Via: Louella938 | Shutterstock

Via: Louella938 | Shutterstock

Autism

Research conducted by scientists from Massachusetts General Hospital for Children and the John Hopkins University of Medicine suggests that sulforaphane may ease some of the behavioral symptoms in those diagnosed with autism spectrum disorders (ASDs).

The authors of the paper documenting the research sum up autism spectrum disorders as “encompassing impaired communication and social interaction, and repetitive stereotypic behavior and language, affects 1-2% of predominantly male individuals and is an enormous medical and economic problem for which there is no documented, mechanism-based treatment.”

In the placebo-controlled, randomized, double-blind clinical trail, 29 young men with ASD received daily oral doses of sulforaphane derived from broccoli sprouts over an 18 week period, followed by a four week period without treatment. The participants behavior was measured by three behavioral measures provided by parents, caregivers, and physicians. These included the Aberrant Behavior Checklist, Social Responsiveness Scale, and Clinical Global Impression Improvement Scale. After an 18 week treatment period, it was observed that those receiving sulforaphane showed substantial improvements in behavior compared to placebo in areas such as social interaction, abnormal behavior, and verbal communication. Interestingly, after treatment with sulforaphane was ceased, total scores on all scales started to return to pretreatment levels.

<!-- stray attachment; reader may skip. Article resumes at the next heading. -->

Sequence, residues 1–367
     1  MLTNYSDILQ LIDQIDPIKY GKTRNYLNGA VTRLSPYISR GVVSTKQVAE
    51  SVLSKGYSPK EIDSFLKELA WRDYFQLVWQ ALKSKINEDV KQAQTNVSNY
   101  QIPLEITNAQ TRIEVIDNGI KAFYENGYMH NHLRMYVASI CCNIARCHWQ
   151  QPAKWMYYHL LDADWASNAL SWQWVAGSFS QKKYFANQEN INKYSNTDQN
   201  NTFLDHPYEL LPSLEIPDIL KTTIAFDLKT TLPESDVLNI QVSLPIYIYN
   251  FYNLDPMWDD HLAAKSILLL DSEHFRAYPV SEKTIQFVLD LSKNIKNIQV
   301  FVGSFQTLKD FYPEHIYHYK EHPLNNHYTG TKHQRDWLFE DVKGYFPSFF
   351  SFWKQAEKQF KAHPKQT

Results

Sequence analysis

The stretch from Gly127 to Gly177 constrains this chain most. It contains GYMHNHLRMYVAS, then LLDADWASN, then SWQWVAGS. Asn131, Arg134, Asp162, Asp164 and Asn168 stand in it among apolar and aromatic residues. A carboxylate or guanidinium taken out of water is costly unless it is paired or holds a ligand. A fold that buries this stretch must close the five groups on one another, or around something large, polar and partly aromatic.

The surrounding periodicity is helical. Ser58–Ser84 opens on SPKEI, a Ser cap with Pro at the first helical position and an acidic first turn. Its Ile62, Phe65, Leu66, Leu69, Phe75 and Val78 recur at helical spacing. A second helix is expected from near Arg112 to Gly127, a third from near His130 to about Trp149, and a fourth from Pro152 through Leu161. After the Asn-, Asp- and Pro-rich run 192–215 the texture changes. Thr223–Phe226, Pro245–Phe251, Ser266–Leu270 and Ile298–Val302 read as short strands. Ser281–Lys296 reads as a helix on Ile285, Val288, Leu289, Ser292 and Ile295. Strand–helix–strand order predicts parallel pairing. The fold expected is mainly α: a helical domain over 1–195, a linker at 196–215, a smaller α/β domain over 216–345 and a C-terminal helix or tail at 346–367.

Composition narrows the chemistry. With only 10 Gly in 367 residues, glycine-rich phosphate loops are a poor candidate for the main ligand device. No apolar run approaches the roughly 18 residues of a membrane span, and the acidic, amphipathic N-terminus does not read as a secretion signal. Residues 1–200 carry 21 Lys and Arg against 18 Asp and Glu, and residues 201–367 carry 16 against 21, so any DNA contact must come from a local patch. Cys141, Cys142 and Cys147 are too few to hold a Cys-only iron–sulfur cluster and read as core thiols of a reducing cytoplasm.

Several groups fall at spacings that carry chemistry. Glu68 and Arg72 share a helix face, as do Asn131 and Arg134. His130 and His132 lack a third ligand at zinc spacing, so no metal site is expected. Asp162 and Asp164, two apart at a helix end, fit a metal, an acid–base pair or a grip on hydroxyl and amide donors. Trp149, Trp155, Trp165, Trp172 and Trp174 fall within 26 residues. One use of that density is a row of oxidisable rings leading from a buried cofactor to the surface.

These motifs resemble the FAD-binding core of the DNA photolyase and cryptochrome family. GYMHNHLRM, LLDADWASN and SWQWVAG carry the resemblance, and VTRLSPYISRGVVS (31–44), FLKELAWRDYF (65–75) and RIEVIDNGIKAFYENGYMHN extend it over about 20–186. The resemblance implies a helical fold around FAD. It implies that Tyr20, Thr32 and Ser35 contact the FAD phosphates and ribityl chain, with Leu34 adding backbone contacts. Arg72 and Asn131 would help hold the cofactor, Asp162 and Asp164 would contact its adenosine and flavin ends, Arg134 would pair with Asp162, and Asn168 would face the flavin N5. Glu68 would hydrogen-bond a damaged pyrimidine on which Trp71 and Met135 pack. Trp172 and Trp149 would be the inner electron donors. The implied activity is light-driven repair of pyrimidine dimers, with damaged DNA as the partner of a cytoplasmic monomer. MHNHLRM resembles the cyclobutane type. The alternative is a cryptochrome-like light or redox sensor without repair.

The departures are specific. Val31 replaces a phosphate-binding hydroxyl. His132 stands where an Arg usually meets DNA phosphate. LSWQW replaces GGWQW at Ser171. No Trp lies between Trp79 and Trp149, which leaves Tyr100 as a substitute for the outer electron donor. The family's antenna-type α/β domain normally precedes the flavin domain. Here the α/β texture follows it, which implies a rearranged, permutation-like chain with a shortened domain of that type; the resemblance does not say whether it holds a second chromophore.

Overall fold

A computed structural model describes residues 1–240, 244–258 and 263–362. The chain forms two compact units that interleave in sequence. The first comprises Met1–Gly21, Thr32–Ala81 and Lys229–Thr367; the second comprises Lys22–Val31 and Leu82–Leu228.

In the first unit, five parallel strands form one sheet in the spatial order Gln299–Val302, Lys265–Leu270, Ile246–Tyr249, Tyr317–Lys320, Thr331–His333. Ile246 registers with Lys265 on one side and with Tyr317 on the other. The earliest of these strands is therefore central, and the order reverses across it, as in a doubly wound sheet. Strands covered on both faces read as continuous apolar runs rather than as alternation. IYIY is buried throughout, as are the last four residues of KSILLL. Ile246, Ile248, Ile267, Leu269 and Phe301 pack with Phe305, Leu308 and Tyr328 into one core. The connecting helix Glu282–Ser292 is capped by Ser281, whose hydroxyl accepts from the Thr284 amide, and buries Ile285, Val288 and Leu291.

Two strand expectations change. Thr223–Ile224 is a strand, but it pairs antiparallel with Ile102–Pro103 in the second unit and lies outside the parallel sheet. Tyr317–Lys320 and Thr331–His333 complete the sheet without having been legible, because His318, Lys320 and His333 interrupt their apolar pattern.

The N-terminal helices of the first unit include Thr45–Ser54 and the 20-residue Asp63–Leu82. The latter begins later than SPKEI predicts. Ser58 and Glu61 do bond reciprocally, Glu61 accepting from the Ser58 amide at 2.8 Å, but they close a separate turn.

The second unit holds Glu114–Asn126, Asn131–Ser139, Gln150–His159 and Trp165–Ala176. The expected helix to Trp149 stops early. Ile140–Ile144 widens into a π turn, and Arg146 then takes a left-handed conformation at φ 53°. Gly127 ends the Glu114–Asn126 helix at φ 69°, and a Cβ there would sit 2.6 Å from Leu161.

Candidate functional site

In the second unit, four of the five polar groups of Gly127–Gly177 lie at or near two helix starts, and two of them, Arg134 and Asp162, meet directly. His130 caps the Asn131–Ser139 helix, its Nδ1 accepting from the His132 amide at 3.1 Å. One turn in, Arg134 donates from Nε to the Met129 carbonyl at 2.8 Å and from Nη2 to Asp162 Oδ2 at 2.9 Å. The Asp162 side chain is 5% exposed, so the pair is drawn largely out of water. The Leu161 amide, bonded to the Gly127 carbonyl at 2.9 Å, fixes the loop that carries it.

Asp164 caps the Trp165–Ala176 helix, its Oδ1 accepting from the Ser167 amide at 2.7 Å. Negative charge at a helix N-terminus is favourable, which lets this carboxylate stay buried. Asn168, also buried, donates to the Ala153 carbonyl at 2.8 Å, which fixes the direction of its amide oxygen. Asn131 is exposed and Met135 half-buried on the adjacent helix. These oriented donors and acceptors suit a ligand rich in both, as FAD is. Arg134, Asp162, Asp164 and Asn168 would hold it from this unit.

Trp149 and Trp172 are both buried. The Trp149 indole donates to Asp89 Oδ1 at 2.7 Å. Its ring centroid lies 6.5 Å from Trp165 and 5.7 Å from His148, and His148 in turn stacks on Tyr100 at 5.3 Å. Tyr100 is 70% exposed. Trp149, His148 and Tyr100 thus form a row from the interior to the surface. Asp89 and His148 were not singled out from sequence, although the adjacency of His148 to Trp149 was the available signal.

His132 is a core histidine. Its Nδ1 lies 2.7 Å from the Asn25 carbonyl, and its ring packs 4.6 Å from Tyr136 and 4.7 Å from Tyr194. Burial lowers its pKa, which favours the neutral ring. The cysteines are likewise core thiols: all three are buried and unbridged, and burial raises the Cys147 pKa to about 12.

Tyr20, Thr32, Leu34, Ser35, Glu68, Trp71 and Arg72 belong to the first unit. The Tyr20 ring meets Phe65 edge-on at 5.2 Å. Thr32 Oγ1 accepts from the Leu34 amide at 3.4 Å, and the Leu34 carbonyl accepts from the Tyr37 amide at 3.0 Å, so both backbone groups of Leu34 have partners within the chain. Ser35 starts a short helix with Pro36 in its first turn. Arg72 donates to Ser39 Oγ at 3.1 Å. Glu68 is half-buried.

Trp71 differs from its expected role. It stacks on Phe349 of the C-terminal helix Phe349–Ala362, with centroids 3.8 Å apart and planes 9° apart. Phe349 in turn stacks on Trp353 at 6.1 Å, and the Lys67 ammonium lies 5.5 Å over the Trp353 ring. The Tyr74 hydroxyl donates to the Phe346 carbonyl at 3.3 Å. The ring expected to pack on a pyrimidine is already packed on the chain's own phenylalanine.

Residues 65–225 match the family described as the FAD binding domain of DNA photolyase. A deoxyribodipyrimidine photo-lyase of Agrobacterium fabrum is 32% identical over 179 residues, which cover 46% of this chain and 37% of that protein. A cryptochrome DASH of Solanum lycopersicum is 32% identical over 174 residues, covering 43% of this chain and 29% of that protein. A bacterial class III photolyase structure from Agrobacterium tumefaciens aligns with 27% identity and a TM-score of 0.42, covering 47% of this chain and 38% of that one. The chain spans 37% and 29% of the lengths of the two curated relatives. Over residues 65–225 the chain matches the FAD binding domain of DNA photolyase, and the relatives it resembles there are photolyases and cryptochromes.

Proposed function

The authors of the paper explained sulforaphane was chosen for this research due to its effectiveness against conditions that arise in ASD: “Dietary sulforaphane, of recognized low toxicity, was selected for its capacity to reverse abnormalities that have been associated with ASD, including oxidative stress and lower antioxidant capacity, depressed glutathione synthesis, reduced mitochondrial function and oxidative phosphorylation, increased lipid peroxidation, and neuroinflammation.”

An article, published by John Hopkins Medicine, quotes two of the researches involved in the study:

“‘We believe that this may be preliminary evidence for the first treatment for autism that improves symptoms by apparently correcting some of the underlying cellular problems,’ says Paul Talalay, M.D., a professor of pharmacology and molecular sciences, who has researched these vegetable compounds for the past 25 years.

“‘We are far from being able to declare a victory over autism, but this gives us important insights into what might help,’ says co-investigator Andrew Zimmerman, M.D., now a professor of pediatric neurology at UMass Memorial Medical Center.”

Broccoli sprouts can easily be incorporated into a smoothie, salad, or sandwich. Via: Brent Hofacker | Shutterstock.

Broccoli sprouts can easily be incorporated into a smoothie, salad, or sandwich. Via: Brent Hofacker | Shutterstock.

How To Grow Your Own Broccoli Sprouts At Home

Since sulforaphane is far more concentrated in broccoli sprouts than in the mature vegetable, an adequate amount of this beneficial compound can be obtained by sprinkling a portion of sprouts (a quarter cup) on the top of a salad or in a sandwich, or adding them to a smoothie. In the video below, Tom Malterre of Whole Life Nutrition offers detailed guidance on how to cultivate your own supply of these easy to grow and health enhancing sprouts — all that’s required is some seeds, a little water, and a mason jar with a perforated lid!